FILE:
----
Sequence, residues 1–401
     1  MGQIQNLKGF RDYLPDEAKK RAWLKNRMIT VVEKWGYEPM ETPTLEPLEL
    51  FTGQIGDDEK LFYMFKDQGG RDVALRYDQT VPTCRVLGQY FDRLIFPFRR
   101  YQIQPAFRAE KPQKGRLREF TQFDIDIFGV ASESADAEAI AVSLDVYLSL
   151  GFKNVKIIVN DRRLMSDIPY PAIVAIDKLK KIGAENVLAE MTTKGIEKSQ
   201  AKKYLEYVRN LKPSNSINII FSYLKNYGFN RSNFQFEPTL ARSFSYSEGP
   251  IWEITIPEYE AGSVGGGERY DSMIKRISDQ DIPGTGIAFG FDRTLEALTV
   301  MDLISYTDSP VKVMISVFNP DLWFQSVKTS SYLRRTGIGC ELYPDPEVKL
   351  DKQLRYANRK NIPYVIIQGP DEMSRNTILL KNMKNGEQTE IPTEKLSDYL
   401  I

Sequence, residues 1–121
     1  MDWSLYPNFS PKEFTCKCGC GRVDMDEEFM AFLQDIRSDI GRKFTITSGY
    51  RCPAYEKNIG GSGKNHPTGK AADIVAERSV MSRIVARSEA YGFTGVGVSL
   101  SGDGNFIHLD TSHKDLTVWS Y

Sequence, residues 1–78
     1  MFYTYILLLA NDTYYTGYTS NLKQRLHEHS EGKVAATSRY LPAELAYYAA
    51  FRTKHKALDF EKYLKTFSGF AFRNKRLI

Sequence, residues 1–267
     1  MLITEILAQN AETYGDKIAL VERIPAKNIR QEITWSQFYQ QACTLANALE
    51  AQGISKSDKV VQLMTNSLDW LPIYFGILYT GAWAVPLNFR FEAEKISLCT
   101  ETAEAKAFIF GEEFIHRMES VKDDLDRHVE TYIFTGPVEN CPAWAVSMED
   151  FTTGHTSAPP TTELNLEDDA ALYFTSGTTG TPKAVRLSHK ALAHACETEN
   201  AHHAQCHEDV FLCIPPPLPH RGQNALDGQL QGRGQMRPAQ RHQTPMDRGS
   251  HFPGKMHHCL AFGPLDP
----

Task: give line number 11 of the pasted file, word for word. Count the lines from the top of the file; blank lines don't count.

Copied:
Sequence, residues 1–121